A Grim Balinese Summer
** The following article touches on the topic of suicide. TCK TOWN would like to advise reader discretion.
It had been a tough summer to say the least, I thought while entering the apartment of my third culture friends in Jakarta. The concept of happiness had seemed merely an illusion and although I had tried all summer long to feel the least bit human, I had spent most of my Bali days in bed feeling inconsolable. Actually if it weren’t for my Russian lover, whom I had met one week after I landed, I honestly don’t know what my state of mind would have been those past six weeks. In Jakarta I was mentally exhausted and ready to take my flight back home the next morning, but my friends insisted they were taking me out for dinner and drinks for my 23rd birthday.
My 23rd birthday. Now I smile when I think about it, but I also remember the grief from that day. Andrej had taken me to an exclusive beach, the sweetheart. The exquisite Balinese landscape with endless rice fields greeted us as we made our way to the shore on my scooter. It was quite a romantic day actually; we had the beach all to ourselves, with nothing but the sea, the trees and some rocks surrounding us. Andrej did his best to make me happy, and I felt guilty for not being as delighted as I should’ve been, for not being appreciative enough. You see, it wasn’t supposed to be like this. I wasn’t supposed to feel this empty, and I sure as hell wasn’t supposed to be this unhappy during my trip. But isn’t that always the case? You plan for life to go a certain way, only for it to forge its own path, leaving you in a state of limbo, not knowing what might await you.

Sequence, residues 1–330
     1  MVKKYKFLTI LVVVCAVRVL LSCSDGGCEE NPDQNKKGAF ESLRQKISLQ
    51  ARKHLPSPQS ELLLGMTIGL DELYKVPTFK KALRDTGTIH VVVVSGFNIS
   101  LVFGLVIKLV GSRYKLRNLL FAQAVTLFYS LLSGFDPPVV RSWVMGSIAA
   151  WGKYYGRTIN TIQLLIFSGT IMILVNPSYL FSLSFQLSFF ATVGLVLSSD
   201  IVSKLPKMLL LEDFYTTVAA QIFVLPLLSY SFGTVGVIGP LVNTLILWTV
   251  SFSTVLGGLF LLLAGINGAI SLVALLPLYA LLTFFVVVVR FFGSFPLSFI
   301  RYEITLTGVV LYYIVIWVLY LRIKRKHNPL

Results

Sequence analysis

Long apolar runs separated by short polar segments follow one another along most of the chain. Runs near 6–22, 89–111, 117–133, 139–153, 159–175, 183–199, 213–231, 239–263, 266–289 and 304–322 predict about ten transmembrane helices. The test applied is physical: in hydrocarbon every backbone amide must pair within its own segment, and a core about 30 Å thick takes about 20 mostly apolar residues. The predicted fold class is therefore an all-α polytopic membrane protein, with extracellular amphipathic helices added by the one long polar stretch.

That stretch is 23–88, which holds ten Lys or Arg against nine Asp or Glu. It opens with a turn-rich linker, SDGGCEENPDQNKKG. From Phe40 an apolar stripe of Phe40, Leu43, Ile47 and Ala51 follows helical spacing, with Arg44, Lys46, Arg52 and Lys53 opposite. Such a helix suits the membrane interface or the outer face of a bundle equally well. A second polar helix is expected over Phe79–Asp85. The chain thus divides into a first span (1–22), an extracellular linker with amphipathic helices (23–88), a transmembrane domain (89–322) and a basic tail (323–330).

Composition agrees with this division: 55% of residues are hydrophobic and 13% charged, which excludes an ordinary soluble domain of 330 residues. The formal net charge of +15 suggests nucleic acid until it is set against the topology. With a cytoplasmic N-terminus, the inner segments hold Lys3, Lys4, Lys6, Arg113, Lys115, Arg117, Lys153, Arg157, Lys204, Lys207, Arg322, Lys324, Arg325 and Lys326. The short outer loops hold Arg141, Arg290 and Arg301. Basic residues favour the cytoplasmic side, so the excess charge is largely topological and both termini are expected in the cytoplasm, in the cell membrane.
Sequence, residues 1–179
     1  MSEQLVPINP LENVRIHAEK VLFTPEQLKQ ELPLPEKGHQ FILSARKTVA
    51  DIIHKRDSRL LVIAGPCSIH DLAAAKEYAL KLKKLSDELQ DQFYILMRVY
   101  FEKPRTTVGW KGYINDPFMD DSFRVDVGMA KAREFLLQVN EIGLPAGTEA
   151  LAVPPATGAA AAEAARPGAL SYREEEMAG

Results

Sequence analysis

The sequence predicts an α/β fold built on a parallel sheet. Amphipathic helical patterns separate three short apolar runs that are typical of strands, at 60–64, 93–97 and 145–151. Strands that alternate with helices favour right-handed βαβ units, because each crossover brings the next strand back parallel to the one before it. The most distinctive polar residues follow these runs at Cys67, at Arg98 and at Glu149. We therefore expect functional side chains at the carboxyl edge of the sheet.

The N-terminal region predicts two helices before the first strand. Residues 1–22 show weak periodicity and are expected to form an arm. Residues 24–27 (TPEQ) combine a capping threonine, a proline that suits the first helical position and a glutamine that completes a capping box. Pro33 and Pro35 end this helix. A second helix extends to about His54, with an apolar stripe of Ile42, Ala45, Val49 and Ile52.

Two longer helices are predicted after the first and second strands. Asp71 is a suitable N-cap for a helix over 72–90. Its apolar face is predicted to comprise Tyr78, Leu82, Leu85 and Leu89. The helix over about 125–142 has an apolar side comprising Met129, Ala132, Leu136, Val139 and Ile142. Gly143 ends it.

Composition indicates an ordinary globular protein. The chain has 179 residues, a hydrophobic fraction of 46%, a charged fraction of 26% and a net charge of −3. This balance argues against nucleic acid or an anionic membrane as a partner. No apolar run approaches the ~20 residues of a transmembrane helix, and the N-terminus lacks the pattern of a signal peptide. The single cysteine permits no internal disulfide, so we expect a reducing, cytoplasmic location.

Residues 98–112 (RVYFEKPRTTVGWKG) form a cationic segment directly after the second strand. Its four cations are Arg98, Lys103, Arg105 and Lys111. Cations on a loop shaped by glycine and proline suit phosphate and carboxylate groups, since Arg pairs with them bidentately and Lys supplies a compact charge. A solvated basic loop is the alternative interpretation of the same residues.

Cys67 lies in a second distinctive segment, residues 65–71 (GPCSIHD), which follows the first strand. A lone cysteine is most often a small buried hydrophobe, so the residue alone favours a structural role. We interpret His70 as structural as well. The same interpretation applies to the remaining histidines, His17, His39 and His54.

Two weeks before my trip to Vietnam and Indonesia, my cousin had committed suicide. This event haunted me for nine months. He was a remarkable, beautiful young man, my cousin, with an incredible sense of humor and a brilliant mind. A big guy with a kind heart, a troubled man indeed, but with so many great thoughts. We used to have endless conversations about family, dreams, love and religion, plenty of laughter and discussions included. I never once blamed him for ending his life, I never once was mad. None of us were. We all understood the emotional suffering he must have been in and the despair he must have felt the moment he decided to take his own life. With all the pain in my heart, I still left for Asia two weeks after his death.
That night in Jakarta my friends had decided to surprise me with a birthday cupcake at the bar. A moment I still fondly think of, as it took me by complete surprise, and while I blew out the candle and looked at my smiling friends I thought of my dear cousin, of Andrej, and how for some reason I wasn’t alone, despite being far away from home and my family. How, for some reason, life goes on, despite events that torment you till you think you cannot survive. How for some reason I was lucky enough to be surrounded by loving, warm-hearted people who've made my travels bearable. In a twisted turn of events, I had lost my cousin, but gained the strength and confidence I needed to proceed.
It will be four years this summer. I love you, Ter.